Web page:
In terms of incentive, the FM announced a scheme for rapid manufacturing and adoption of electric vehicles to tackle pollution. An initial outlay of Rs. 75 crore for the scheme for the period 2015-16 was made. Considering the vast size of India, this money is a pittance and would really not help in creating the charging infrastructure, as was the original intention. Couple of years back, the government had announced the National Electric Mobility Mission which provided subsidy to the car buyer, but even that was too complicated and did not really help the uptake of electric vehicles. The current sanction will not even cause a ripple to be fair.
On the renewable energy front, there has been nothing new from the FM. All that the budget says about it, is that the Ministry of New Renewable Energy has revised its target of renewable energy capacity to 1,75,000 MW till 2022, comprising 100,000 MW Solar, 60,000 MW Wind, 10,000 MW Biomass and 5000 MW Small Hydro. There are no new announcements or incentives. No GBP (Generation Based Profit) or subsidies for manufacturing in India either (a demand which all the Indian companies had asked). There have been some announcements in terms of reduction of excise and tax duties that will enable marginal reduction of prices of LED lights, solar heaters and so on. There are also some incentives announced for waste water treatment.
There could have been some good announcements on the renewable front, like incentives for roof-top solar. There could have been subsidies and concessions provided to corporates for captive generation of power. Various state governments across the board are offering incentives for investment in renewable energy, the minister could have aided the same through fiscal measures. There could have been cheaper loans made available through banking institutions and so on. But that was not meant to be.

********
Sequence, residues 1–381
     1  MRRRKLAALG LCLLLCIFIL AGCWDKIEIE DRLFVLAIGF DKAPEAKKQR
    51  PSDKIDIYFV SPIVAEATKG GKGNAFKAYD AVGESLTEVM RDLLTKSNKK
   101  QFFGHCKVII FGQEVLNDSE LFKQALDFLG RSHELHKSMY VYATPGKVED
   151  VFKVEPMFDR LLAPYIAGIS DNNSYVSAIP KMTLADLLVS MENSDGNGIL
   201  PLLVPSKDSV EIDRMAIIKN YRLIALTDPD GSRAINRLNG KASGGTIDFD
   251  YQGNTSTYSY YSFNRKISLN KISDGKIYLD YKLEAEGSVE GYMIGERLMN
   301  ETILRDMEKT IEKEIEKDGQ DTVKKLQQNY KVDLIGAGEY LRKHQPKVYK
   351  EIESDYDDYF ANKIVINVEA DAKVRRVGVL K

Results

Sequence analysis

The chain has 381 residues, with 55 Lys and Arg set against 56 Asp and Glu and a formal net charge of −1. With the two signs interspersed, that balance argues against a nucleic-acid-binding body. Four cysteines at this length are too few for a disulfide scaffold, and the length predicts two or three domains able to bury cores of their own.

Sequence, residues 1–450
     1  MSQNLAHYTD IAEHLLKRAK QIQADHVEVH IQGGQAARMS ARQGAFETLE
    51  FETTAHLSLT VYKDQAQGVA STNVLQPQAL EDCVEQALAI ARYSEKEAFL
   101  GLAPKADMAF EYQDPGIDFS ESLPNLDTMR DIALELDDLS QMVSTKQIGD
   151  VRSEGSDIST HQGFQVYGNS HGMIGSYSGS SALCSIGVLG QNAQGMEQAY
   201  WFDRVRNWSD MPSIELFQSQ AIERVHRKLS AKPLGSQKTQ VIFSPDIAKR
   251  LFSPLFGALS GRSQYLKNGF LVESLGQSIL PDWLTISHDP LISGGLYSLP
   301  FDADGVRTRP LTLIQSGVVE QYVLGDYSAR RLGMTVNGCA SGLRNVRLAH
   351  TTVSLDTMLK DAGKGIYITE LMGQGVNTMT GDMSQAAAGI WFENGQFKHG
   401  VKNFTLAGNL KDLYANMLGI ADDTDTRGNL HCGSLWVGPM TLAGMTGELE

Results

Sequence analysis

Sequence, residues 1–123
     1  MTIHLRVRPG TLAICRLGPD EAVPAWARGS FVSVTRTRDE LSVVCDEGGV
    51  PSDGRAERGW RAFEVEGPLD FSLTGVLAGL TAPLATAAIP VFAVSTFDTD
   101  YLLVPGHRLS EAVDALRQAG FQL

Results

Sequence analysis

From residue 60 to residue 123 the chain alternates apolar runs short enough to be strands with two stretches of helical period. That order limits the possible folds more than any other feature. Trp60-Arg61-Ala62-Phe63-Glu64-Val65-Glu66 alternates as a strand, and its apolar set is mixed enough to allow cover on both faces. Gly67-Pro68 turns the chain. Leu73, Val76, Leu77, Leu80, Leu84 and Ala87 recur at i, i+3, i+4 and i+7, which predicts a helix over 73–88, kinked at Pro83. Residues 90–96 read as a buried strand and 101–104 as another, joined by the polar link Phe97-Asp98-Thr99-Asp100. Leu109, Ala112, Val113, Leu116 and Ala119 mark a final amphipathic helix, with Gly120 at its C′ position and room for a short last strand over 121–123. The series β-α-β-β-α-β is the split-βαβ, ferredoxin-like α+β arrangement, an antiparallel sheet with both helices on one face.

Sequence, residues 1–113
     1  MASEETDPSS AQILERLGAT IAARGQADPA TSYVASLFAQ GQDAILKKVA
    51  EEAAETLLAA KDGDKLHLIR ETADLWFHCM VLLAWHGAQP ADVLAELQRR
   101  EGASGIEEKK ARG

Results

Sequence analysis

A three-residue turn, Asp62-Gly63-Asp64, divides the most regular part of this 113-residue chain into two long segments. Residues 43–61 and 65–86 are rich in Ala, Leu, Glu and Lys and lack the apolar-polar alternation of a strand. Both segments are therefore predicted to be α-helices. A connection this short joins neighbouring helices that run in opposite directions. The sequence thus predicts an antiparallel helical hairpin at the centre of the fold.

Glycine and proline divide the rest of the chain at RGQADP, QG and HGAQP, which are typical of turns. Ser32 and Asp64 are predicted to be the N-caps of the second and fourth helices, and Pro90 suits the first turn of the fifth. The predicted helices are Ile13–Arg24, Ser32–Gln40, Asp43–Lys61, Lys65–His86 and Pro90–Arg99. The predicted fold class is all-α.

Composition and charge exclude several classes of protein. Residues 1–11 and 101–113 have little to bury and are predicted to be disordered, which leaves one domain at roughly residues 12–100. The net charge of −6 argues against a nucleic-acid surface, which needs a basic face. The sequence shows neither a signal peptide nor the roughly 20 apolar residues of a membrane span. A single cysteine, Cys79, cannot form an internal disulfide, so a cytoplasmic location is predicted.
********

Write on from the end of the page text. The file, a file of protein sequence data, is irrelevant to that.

The big things missing in this budget were vision and innovation. For instance, even when the FM spoke about the CSR funds, it was in regards to the flagship scheme of NDA. “I have proposed 100% deduction for contributions, other than by way of CSR contributions, to the Swachh Bharat Kosh. A similar tax treatment is also proposed for the Clean Ganga Fund,” he said. One of the interesting bits done by the earlier UPA government was to allow corporates to spend their CSR funds on research in association with academic institutions like IITs. This could have helped immensely in research on newer technologies, but did not happen. Also, for instance, when the policies were announced for promoting entrepreneurship, special sectors could have been picked out, related to environment and social development and could be provided special incentives. There is a need for a micro-financed movement for social innovations, and this budget could have set the agenda for it. While one could hear about promotion of tourism, there is no mention made of bio-diversity conservation, like enhancing the Project Tiger, rhino protection, or even creating a special corridor for wild elephants.
In the end, as said earlier, this budget leans more towards the stick than the carrot. Considering how things move in the renewable, environment and social space, incentives always work better than forfeiture. In that way, this budget by FM Arun Jaitley is a let-down really. There’s just not much green out here. Guess, we will now have to wait another year, hoping for a green miracle.